Sen. Flake's GOP challenger: McCain should resign

Kelli Ward, who is running for Senate in 2018, is urging GOP Sen. John McCainJohn Sidney McCainCindy McCain says no one in Republican Party carries 'voice of reason' after husband's death Anti-gun violence organization endorses Kelly's Senate bid McCain's family, McCain Institute to promote #ActsOfCivility in marking first anniversary of senator's death MORE (R-Ariz.) to resign after being diagnosed with brain cancer and pitching herself as a replacement.

"I hope that Sen. McCain is going to look long and hard at this, that his family and his advisers are going to look at this, and they're going to advise him to step away as quickly as possible," Ward told an Indiana radio station this week.

Ward, who has also offered condolences to McCain, added that "as a Christian, I know there can always be miracles. But the likelihood that John McCain is going to come back to the Senate ... is low."

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Ward, who has aligned herself closely with President Trump, lost in the 2016 Senate GOP primary to McCain and is now running against GOP Sen. Jeff FlakeJeffrey (Jeff) Lane FlakeAnti-gun violence organization endorses Kelly's Senate bid Arpaio considering running for former sheriff job after Trump pardon Overnight Energy: Warren edges past Sanders in poll of climate-focused voters | Carbon tax shows new signs of life | Greens fuming at Trump plans for development at Bears Ears monument MORE (Ariz.) in 2018.

She said McCain's diagnosis could bring the GOP agenda to a halt, adding that with the 80-year-old senator "out of commission, we don't have 51 votes on the the Republican side."

"We can't have until the 2018 election, waiting around to accomplish the Trump agenda, to secure the border and stop illegal immigration and repeal ObamaCare and fix the economy and fix the Veterans Administration," she said.

Republicans have 52 seats. With McCain's absence, that narrows their majority to 51 GOP senators.

Though Republicans are trying to pass an ObamaCare repeal bill and tax reform with only a simple majority, any other priorities, including immigration or veterans legislation, would require 60 votes and the support of Democrats.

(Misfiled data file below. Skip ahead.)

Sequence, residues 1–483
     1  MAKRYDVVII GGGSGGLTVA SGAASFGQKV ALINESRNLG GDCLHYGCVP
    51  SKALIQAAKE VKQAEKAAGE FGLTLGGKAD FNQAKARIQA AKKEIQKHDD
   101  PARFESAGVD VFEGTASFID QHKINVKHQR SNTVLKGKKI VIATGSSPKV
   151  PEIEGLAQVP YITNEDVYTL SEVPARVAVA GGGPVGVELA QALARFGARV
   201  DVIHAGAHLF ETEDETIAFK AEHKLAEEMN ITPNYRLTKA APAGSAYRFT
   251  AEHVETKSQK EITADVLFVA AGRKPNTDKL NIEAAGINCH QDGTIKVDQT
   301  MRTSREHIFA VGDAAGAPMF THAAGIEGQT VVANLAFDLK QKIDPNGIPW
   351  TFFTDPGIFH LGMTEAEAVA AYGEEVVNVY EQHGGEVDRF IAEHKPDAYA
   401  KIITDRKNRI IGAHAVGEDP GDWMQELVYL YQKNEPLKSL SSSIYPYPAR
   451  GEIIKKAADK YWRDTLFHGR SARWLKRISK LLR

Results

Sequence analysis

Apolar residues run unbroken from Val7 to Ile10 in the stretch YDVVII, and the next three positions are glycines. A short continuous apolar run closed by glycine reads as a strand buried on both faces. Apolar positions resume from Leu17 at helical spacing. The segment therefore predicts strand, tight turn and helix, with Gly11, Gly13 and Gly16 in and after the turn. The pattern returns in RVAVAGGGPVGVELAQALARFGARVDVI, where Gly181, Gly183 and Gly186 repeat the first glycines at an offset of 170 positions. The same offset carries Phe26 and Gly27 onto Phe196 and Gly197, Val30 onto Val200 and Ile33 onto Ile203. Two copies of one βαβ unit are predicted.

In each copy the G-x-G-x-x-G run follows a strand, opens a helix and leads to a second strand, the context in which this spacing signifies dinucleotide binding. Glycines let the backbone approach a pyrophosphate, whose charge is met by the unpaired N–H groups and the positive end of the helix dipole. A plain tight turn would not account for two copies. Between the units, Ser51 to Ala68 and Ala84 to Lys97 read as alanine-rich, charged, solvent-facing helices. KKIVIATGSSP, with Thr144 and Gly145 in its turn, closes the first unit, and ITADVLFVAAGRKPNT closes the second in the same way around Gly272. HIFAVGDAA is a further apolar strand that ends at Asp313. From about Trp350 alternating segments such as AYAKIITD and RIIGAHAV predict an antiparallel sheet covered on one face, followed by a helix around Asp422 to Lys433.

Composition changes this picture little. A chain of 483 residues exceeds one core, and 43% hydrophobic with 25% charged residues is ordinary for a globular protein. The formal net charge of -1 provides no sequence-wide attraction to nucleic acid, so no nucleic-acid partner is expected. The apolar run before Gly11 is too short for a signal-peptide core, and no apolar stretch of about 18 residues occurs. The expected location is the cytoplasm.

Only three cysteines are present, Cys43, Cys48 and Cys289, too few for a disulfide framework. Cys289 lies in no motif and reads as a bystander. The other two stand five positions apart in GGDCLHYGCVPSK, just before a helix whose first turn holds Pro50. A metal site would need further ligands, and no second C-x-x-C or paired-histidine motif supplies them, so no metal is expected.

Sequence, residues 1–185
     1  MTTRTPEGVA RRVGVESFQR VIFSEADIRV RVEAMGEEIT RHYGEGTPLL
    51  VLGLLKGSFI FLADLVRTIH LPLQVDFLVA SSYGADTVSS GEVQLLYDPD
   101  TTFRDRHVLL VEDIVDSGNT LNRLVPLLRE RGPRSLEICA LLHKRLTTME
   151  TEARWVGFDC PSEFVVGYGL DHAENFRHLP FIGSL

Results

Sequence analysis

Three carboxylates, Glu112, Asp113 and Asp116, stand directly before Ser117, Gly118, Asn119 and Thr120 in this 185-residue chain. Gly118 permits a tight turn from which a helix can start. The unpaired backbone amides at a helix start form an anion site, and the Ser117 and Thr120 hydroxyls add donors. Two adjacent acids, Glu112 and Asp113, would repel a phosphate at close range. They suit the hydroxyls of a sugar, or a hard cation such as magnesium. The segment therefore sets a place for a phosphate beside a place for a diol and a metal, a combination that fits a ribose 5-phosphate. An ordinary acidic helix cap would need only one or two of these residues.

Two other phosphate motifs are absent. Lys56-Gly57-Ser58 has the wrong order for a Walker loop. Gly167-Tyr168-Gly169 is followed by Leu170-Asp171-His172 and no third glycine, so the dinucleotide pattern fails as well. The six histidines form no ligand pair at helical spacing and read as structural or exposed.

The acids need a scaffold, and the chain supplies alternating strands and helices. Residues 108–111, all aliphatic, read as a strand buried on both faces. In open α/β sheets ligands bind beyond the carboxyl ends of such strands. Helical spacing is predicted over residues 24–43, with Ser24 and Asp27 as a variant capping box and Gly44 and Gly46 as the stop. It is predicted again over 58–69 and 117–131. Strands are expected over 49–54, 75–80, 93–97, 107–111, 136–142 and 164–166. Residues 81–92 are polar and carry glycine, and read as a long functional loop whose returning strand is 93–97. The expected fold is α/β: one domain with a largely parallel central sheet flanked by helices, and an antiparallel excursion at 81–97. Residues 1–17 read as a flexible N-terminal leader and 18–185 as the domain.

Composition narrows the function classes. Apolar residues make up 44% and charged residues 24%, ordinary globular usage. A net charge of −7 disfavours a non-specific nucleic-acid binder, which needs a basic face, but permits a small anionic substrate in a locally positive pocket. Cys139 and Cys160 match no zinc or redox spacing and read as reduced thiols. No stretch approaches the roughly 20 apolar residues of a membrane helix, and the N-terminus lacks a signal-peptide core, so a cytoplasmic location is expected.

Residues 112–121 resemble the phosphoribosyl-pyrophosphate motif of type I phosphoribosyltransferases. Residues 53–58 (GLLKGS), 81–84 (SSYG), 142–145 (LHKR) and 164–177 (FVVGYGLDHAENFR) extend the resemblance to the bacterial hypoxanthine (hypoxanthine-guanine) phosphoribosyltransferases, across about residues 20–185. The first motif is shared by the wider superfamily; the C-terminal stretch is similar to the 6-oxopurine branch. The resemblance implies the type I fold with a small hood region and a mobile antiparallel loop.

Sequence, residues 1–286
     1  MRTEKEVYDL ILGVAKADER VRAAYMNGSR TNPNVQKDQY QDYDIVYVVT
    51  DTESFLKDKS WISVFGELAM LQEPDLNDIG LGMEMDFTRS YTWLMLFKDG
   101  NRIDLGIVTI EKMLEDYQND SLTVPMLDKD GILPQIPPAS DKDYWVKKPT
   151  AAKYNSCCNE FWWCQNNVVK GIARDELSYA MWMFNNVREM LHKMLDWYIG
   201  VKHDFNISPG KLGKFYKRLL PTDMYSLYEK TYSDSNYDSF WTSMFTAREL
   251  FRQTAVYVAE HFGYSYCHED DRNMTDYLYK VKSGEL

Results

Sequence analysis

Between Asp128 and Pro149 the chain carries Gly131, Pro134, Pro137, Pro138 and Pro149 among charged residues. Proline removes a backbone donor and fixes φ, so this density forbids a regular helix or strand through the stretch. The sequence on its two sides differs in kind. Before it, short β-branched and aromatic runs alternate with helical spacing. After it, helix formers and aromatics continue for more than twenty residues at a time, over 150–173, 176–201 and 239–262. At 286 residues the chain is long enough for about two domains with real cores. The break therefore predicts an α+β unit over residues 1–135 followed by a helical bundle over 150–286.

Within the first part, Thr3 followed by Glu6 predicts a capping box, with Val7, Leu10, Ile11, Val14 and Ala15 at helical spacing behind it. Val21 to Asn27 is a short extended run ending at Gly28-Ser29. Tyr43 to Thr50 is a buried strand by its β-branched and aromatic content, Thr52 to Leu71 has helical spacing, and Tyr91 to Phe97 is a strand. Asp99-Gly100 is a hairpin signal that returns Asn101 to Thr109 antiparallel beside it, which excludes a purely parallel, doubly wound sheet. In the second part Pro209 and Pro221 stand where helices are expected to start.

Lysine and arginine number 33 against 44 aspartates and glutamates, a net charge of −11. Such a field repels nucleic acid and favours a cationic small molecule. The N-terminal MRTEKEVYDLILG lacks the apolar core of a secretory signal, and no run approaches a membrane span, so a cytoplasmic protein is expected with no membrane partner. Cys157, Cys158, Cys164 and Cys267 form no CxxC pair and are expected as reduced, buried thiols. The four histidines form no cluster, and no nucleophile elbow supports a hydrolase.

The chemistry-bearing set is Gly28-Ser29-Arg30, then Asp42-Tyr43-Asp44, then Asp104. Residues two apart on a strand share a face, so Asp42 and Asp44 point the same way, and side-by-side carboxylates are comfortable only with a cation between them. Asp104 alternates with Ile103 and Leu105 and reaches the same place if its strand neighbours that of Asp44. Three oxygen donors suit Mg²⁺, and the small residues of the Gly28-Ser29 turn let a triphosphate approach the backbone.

If McCain were to resign — something he has shown no sign of doing — Arizona's governor would need to appoint a replacement until a 2018 special election.

Ward is pitching herself as a potential successor, noting she's already run against McCain and worked in the state legislature.

"Well, you know, I certainly hope so because I have a proven track record in the Arizona state Senate of being extremely effective and of listening to the voice of the people that I represent," she said when asked if her name would be included in any discussions on replacing McCain.

Ward's comments, which were first reported by CNN, come after she previously tried to make McCain's age a factor during their primary fight, saying he's "gotten weak" and calling him a "dinosaur."

McCain was absent from Washington this week, recovering from having a blood clot removed from above his left eye. His office announced on Wednesday night that the Mayo Clinic in Phoenix had found a brain tumor.

But the GOP senator has shown no signs of stepping down, continuing to weigh into policy fights and pledging to return soon.

“Unfortunately for my sparring partners in Congress, I'll be back soon, so stand-by," he tweeted on Thursday.